Re: C++ & gnome (was: Re: opening Gnome to multiple (windowing) systems)

This is my last comment on this thread...

On Thu, 9 Apr 1998, George wrote:

>as a person who has used templates and STL for a large project that went
>down the tubes .... if I were to do a big program in C++ there would be
>4 rules:
>1) no templates
>2) no STL
>3) no multiple inheritance
>4) no reference variables

Well as a person who has worked on projects using just these technologies
I would recommmend them.  However given the sophistication of some of
these technologies the "minimum-wage" coder is not recommended.
Admittedly these things can be remarkably subtle and can confuse the VB
level coder.  They are power tools, just like 'rm -rf /', and novices can
get hurt.

>just because all of these will make life hell once stuff starts to go wrong
>or specs start to change for your program 

It sounds like the project failed due to lack of management and not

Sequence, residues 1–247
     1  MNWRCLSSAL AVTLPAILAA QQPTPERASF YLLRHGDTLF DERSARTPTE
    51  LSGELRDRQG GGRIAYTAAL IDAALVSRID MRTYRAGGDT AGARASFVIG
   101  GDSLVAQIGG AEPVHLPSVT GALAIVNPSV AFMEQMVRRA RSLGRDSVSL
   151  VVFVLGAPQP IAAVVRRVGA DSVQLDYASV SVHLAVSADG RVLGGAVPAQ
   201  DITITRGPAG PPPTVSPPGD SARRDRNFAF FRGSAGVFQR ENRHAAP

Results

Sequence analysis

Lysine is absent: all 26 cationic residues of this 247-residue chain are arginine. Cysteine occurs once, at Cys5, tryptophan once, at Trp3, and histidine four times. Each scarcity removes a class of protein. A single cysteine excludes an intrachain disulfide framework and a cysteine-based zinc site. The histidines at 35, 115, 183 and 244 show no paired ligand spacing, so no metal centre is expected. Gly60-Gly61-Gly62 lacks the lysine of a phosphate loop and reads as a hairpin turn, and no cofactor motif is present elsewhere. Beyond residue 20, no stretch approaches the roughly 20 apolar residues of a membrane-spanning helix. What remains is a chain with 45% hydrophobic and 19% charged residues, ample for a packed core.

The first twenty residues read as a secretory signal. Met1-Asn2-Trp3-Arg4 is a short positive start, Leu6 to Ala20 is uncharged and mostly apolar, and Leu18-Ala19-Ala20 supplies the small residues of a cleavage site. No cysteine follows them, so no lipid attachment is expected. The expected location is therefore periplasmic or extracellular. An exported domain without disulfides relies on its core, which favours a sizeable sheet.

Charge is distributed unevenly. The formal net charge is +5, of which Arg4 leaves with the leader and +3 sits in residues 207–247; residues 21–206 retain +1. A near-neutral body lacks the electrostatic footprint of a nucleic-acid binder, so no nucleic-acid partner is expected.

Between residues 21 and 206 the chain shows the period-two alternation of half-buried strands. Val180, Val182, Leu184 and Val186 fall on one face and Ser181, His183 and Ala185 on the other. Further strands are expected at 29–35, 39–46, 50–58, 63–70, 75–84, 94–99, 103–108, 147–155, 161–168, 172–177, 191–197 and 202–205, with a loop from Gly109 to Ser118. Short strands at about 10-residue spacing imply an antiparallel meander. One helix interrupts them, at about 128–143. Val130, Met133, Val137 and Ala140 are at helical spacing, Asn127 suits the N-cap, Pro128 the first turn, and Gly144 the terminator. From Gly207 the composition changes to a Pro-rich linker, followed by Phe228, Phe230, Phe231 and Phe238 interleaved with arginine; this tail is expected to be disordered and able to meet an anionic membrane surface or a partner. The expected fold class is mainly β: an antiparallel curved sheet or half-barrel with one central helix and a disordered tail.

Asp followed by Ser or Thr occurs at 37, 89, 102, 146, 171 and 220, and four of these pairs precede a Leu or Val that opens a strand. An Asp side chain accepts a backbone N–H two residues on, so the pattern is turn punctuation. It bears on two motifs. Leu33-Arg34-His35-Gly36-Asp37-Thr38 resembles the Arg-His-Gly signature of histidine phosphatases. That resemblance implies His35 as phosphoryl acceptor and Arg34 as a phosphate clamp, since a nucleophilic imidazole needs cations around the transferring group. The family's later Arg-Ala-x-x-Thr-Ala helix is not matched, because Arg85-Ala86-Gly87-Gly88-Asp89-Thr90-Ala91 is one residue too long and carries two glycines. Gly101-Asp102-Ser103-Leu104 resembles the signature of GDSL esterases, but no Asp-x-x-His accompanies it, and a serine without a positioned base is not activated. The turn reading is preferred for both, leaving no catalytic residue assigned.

necessarily due to technology.  All it takes is for the project management
to say no to the clients - "That feature will be in the next version".

>it seems far easier to me to put a nice OO rfamework down for C and then
>use it ... (such as the gtk object model) .... starting an OO project
>with all teh OO bells and whistles is not as easy in C as in C++ ... but
>once you have the OO framework down ... writing new objects that use
>that is usually quite trivial, lot more times mroe trivial then in C++

I really don't understand why design an OO library in a non-OO language -
you have to do all the leg work that a modern language does for you.  Plus
you lose encapsulation which, to me, is a big loss.  As for your assertion
that implementing new objects is (lot more) trivial than C++, well that
kind of statement works better when your waving arms are seen in action ;) 

>plus C seems to be much more managable in large projects I have
>discovered that the hyped C++ reusability just doesn't exist ....

Reusability, C++ or whatever, is a hard goal to achieve.  Thats why I
did't mention it.  Reuse requires a special design effort and is
achievable (SF frameworks, Qt, GTK, ET++, OCL and more) in whatever



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